Dragon Day ends in flames, but the dragon remains
Cornell's 108th annual Dragon Day on March 13 featured the usual excitement — toilet paper in the trees, a parade through campus and a ritual burning. Except that this year the dragon itself survived.
Due to New York State Department of Environmental Conservation regulations now in effect, open burning is restricted to wood and agricultural products. That means no combustible dragons.
Following a parade to the Arts Quad, the burning dilemma was solved by students who built a nest of lumber and hay and a large dragon's egg, which they then set alight. The dragon, a maroon monster built on a lean, lightweight structure of steel rods and chicken wire topped with cardboard and fabric, was moved well away from the bonfire and later returned to Rand Hall.
Designed by Kyle Schumann (B.Arch. '13), the dragon was the culmination of many hours of work by first-year architecture students. The phoenix, which as tradition demands challenged the dragon on its route, was created by a group of engineering students.
Rachel Tan (B.Arch. '13) said that a construction crew of at least 15 to 20 students, "plus people in and out all the time," worked on the dragon almost nonstop up to the final minutes.
Dozens of costumed student revelers — in outfits including orange highway cones, the bunny from "Donnie Darko," and a lithe reptilian figure in head-to-toe green Spandex — assembled along University Avenue behind AAP while the dragon was readied for its entrance.
A crew of students carried the head out of the Rand Hall shop to cheers and chants of "Dragon! Dragon! Dragon!"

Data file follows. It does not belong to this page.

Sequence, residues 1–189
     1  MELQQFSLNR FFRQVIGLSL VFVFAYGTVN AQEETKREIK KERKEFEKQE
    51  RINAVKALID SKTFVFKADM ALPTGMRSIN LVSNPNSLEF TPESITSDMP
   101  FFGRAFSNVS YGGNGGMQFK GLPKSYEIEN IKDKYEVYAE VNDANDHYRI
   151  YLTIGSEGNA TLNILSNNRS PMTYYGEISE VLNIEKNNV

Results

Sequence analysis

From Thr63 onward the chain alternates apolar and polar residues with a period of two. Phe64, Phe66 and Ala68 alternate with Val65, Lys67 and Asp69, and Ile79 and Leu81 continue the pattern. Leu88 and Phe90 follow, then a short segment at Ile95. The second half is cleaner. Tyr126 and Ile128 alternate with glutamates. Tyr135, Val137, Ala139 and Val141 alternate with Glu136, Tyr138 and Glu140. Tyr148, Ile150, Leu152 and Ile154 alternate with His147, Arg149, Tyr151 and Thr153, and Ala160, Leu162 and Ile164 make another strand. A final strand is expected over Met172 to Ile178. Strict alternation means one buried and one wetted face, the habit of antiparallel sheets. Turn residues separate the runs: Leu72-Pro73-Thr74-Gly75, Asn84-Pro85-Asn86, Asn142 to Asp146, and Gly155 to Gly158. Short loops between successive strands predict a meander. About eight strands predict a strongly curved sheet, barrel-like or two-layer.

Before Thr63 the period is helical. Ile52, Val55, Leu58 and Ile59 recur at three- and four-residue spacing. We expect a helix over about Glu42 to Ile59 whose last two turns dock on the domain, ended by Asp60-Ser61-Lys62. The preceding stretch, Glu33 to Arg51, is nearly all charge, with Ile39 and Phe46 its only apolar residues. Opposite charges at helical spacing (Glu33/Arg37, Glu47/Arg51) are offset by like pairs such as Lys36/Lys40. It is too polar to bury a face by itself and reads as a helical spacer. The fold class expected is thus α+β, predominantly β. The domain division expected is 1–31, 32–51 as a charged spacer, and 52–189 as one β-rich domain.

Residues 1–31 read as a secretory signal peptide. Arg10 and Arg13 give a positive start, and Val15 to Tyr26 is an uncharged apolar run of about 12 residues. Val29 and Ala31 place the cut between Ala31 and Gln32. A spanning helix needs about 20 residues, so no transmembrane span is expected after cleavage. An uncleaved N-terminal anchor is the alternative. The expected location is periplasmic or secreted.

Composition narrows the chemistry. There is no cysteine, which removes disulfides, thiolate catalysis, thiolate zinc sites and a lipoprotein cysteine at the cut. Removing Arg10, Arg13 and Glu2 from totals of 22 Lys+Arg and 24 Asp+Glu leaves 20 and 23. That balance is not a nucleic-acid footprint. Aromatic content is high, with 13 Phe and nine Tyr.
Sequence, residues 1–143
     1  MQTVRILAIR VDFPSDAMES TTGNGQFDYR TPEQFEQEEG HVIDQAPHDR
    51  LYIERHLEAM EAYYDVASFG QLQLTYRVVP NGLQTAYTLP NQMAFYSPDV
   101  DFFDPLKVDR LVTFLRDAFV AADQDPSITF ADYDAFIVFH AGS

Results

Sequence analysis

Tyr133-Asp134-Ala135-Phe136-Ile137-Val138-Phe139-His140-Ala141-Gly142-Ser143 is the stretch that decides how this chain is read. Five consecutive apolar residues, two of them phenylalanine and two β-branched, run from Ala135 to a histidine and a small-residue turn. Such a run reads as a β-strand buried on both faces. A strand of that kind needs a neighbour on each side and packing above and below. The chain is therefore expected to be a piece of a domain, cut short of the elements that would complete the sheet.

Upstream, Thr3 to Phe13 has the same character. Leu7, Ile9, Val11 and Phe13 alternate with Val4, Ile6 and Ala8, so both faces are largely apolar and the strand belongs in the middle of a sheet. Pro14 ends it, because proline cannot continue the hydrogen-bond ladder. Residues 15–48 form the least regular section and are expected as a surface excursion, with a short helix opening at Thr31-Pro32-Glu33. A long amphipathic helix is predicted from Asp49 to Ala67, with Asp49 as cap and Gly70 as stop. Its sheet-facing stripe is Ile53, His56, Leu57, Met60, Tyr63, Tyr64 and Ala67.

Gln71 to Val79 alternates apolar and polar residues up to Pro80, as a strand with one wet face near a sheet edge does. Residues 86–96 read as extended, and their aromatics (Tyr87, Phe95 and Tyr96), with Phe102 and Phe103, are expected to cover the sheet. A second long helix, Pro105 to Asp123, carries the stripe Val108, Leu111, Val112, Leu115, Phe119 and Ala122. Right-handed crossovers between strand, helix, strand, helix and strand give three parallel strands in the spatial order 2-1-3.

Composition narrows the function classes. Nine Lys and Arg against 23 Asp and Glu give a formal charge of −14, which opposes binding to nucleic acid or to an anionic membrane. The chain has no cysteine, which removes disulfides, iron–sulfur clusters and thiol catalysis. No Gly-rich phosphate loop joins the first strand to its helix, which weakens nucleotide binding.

For effect, Schumann's design featured moving wings, head and claws. "They had a lot of effects, but they didn't use the effects until they met the phoenix," Dragon Day adviser and Rand Hall shop manager Brian Beeners said.
The Phoenix Society, with a core group of 13 engineering students and a $400 budget funded by the Risley Kommittee and the Engineering Student Council, prepared the red phoenix complete with an array of fabric flames for the beast's rise.
"We've been meeting since fall, and we've been at it an average of seven hours a day for more than a week, including an all-nighter," said Alyssa Henning '11.
"It went really well. I had the least involvement I've had in my 21 years [supervising Dragon Day construction]," Beeners said. "They took charge. They divided themselves into groups with different responsibilities — like selling t-shirts — and they had one designer. I had to do a little tweaking, but it was a very good design. They also had a lot of experience in the shop with their classes this year. I couldn't be happier with this group."